The Week Unwrapped: Chinese protests, supersonic jets and university cheats

Olly Mann and The Week delve behind the headlines and debate what really matters from the past seven days.

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In this week’s episode, we discuss:

Chinese homes

Economic data reported by China on Monday revealed was much weaker than expected, prompting its central bank to unexpectedly cut two key interest rates to try and shore up growth – the opposite problem to what we have in the West. Some of the worst figures came from the property market, which has been rocked by bankruptcies and, more recently, widespread mortgage strikes. Is this unusual outbreak of civil disobedience a sign of more trouble to come?

Supersonic travel

A return to supersonic air travel is a step closer after American Airlines announced that it will buy 20 Boom Overture aircraft, which will be capable of flying from London to New York in three and a half hours. The plane is yet to fly, but unlike other post-Concorde concepts, has a realistic chance of taking wing: production is set to start in two years’ time and test flights are expected in 2025. But is the Overture out of step with 21st-century environmental sensibilities – and will anyone be able to afford it?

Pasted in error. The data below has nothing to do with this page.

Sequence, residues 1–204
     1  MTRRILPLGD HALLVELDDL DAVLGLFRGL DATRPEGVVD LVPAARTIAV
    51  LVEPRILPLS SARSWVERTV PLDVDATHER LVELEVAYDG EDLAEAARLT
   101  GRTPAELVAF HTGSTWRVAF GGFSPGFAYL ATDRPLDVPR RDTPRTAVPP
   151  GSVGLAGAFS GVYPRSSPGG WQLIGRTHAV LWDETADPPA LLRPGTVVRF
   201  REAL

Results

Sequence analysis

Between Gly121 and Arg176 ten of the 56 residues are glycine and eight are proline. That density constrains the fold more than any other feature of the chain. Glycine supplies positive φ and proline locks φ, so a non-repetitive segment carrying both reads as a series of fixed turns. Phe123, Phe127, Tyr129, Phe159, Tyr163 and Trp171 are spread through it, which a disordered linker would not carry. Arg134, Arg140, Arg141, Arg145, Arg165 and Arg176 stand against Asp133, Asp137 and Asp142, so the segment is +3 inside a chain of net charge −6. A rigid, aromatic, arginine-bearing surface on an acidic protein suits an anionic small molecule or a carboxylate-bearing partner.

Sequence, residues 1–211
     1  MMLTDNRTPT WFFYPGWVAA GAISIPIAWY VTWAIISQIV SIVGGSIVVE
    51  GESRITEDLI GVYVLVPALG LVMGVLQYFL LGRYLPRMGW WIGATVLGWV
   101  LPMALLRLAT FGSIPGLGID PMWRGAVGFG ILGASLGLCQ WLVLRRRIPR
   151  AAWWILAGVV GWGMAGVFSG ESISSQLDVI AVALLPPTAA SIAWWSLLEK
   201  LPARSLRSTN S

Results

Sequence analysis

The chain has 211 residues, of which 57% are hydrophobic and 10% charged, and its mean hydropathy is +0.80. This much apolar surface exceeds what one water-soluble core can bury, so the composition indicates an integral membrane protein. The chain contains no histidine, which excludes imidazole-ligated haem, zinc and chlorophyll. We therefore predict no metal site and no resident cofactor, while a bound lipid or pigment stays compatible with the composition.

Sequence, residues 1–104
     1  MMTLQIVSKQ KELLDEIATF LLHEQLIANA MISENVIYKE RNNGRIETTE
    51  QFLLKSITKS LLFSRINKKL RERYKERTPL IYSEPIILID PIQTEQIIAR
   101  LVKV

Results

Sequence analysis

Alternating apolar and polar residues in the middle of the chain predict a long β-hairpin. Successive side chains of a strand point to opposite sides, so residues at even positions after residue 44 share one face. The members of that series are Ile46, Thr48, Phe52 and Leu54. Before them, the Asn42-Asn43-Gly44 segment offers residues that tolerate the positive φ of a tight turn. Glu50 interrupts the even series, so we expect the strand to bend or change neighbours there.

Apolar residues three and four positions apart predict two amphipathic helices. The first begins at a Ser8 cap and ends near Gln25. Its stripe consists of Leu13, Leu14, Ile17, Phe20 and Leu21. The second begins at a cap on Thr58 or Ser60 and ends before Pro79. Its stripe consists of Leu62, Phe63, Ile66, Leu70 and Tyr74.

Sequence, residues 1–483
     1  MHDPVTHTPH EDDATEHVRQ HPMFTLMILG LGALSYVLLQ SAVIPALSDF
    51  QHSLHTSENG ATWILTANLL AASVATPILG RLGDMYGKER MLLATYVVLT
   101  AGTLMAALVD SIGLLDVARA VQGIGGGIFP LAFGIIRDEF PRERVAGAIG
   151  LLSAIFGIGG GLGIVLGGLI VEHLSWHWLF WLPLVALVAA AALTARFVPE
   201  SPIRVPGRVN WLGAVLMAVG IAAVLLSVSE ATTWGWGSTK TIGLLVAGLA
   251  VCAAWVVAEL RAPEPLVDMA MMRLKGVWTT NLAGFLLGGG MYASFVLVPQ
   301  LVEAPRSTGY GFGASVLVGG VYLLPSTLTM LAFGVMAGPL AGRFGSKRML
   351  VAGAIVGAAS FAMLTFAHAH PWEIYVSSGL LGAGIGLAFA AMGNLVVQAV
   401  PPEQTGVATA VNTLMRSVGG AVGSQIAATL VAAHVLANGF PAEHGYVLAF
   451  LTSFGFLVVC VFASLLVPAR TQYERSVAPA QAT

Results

University admissions

This Thursday marked A-level results day for the first group of teenagers to sit the exams since 2019. Nerves were higher than ever in the run-up to the big day amid warnings that this year’s admissions round would be “the hardest in living memory” thanks to increased competition. And with more students battling it out for university places than ever before, young people have increasingly been turning to extreme, unethical methods in attempts to secure their spots.



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